Avian Expert Articles

Summer Heat & Our Birds

chattering lory; lorikeet
Photo by David Clode on Unsplash

Summer — that sizzling time of the year when we try to stay hydrated and perhaps indulge in water-dense foods like watermelon and other juicy fruits. When exposed to the summer heat, we might break out in a sweat and seek shade to cool our bodies down. What about our feathered friends…how do they stay cool? Here are some interesting facts about birds and heat, and tips for helping our feathered companions stay comfortable all summer long.

Birds Do Not Sweat

two red, yellow, green, and blue colored parrots sitting in the water of a creek
Two Eastern rosellas (𝘗𝘭𝘢𝘵𝘺𝘤𝘦𝘳𝘤𝘶𝘴 𝘦𝘹𝘪𝘮𝘪𝘶𝘴) cool off in the water in their native Australia. Photo by Geoffrey Moore on Unsplash

Birds lack sweat glands, so you will not see sweat rolling down your bird’s body feathers or facial feathers no matter how hot it is. Nor will you feel sweaty bird feet when your bird is perched on your hand. If you see moisture on your bird, he or she most likely took a dunk in the water dish. Wild birds dip into puddles, birdbaths and other water sources to shake their feathers so that the droplets reach their skin. Similarly, our pet birds also might seek out ways to cool themselves down with water.

Feathers Help Control Body Temperature

Feathers are more than just a means for a bird to achieve flight. Feathers offer insulation, which helps birds stay warm during cool months. Much as we pull our jacket zippers up when we feel a chill, a bird might hold their feathers tightly against the body to preserve body heat. During warm months, a bird feeling the heat might fluff their feathers as a way to “ventilate” … like us unzipping our jackets. However, a bird with fluffed feathers and drooped wings accompanied by open beak panting is showing signs of heat stress, which is much more than simply feeling uncomfortable during hot weather. A bird displaying this behavior needs to be taken to a cool area right away and misted with cool (think room temperature, not frigid) water.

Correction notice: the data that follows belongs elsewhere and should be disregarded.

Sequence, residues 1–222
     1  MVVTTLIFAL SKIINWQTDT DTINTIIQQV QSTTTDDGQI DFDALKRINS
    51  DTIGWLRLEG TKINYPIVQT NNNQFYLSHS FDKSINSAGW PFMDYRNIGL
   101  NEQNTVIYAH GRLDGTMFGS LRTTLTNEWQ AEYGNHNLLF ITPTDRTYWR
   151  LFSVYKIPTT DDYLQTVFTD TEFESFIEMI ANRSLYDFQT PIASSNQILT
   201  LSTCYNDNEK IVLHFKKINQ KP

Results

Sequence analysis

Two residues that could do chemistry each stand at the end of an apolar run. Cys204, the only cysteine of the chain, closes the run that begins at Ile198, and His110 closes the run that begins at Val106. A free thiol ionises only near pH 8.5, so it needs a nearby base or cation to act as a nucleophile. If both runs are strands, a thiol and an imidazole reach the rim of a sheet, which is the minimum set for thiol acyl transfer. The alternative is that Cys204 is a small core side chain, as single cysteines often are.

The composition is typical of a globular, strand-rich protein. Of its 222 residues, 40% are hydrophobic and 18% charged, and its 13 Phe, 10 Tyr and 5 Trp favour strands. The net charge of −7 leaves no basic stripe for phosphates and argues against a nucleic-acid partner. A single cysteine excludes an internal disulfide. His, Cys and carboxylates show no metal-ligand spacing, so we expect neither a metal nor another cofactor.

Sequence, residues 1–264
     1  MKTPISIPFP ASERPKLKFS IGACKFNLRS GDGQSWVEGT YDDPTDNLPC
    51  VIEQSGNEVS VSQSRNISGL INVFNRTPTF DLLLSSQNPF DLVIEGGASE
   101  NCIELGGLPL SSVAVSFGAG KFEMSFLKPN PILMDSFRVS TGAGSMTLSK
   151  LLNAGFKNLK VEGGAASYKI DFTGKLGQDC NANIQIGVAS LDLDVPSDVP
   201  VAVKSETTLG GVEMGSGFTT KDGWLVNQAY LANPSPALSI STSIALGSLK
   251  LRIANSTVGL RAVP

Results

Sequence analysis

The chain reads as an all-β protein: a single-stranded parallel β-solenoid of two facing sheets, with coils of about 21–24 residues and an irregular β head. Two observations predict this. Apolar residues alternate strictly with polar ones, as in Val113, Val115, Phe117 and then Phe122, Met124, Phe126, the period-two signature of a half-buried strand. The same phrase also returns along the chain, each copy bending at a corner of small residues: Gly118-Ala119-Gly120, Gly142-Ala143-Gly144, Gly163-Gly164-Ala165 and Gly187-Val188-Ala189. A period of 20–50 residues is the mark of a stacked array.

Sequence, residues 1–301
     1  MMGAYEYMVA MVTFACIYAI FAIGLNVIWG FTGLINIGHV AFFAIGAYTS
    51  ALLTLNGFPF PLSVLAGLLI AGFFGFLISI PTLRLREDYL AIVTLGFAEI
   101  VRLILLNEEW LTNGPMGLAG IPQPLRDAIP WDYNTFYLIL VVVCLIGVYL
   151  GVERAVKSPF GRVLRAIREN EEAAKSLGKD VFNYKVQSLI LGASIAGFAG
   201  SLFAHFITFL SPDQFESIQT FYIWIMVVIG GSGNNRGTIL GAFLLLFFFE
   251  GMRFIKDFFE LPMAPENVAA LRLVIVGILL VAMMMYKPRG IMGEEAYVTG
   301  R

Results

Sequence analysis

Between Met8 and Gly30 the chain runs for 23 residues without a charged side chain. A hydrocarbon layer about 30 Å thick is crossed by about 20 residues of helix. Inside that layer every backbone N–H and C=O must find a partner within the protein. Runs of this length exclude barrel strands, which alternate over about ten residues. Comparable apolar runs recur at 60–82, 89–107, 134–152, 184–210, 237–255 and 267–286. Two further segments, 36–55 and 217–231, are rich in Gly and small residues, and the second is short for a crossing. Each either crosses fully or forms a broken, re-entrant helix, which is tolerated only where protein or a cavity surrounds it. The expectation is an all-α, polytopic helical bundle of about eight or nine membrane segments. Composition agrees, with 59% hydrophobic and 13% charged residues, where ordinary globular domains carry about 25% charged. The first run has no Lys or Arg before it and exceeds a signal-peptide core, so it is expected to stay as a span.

Not Raised “Sun Ready”

A bird who spends most of their time indoors should not be outdoors in direct sunlight for long (less than 20 minutes), and should never be left unattended. If you start to see signs of heat stress, bring your bird to a shady area or indoors and spray him or her with room-temperature water (frigid water can cause a bird to go into shock). Indoors or outdoors, an easy way to offer your bird a bit of shade is to cover a corner of the cage so that your feathered friend has a cooler spot to retreat to.

Help Your Bird Stay Hydrated

fresh fruit is a great treat on warm days! Photo by Ekam Juneja

Make sure your bird has access to fresh, clean water daily. Summer heat, combined with the fact that many birds enjoy dunking food in their water dish, can combine for a bacteria-laden water bowl. If you have a dunker, be extra diligent about replacing your bird’s drinking water throughout the day. A fun way to help your bird stay hydrated is to offer them fresh, water-dense fruit like watermelon, cantaloupe, cucumber (yes, it has seeds, therefore a fruit!), and pineapple.

 

 

6 thoughts on “Summer Heat & Our Birds

  1. Hi, this was a very explanatory way to help , my parrot (green cheek conure) alway likes very cold water when he takes a bath, but in this circumstance makes total sense to spray him with room temperature water!! Thanx for letting me know about the heat circumstance! Now I realize what to look for, in this serious case!! Really appreciate all of your tips!

  2. My African Gray is still molting. Sees longer this year than before. She isn’t showing signs of heat trouble just seems sad and not herself. Being unable to fly seems to really make her sad. How can I help her? Thanks

    1. Try letting her experience new things: toys, experiences, environments, even people or other animals. They’re very smart birds, so they need the stimulation of new experiences. Good luck.

  3. Thank you for this information, it was very helpful. I did see my bird once this summer with his mouth open and I brought him right back in, and he Loves Watermelon.

  4. Interesting information. Much appreciated! I keep peach face parakeets and they are such a joy to watch during both, the warm and cold months. At the moment it’s quite cold where I live, (which is in the tropics).

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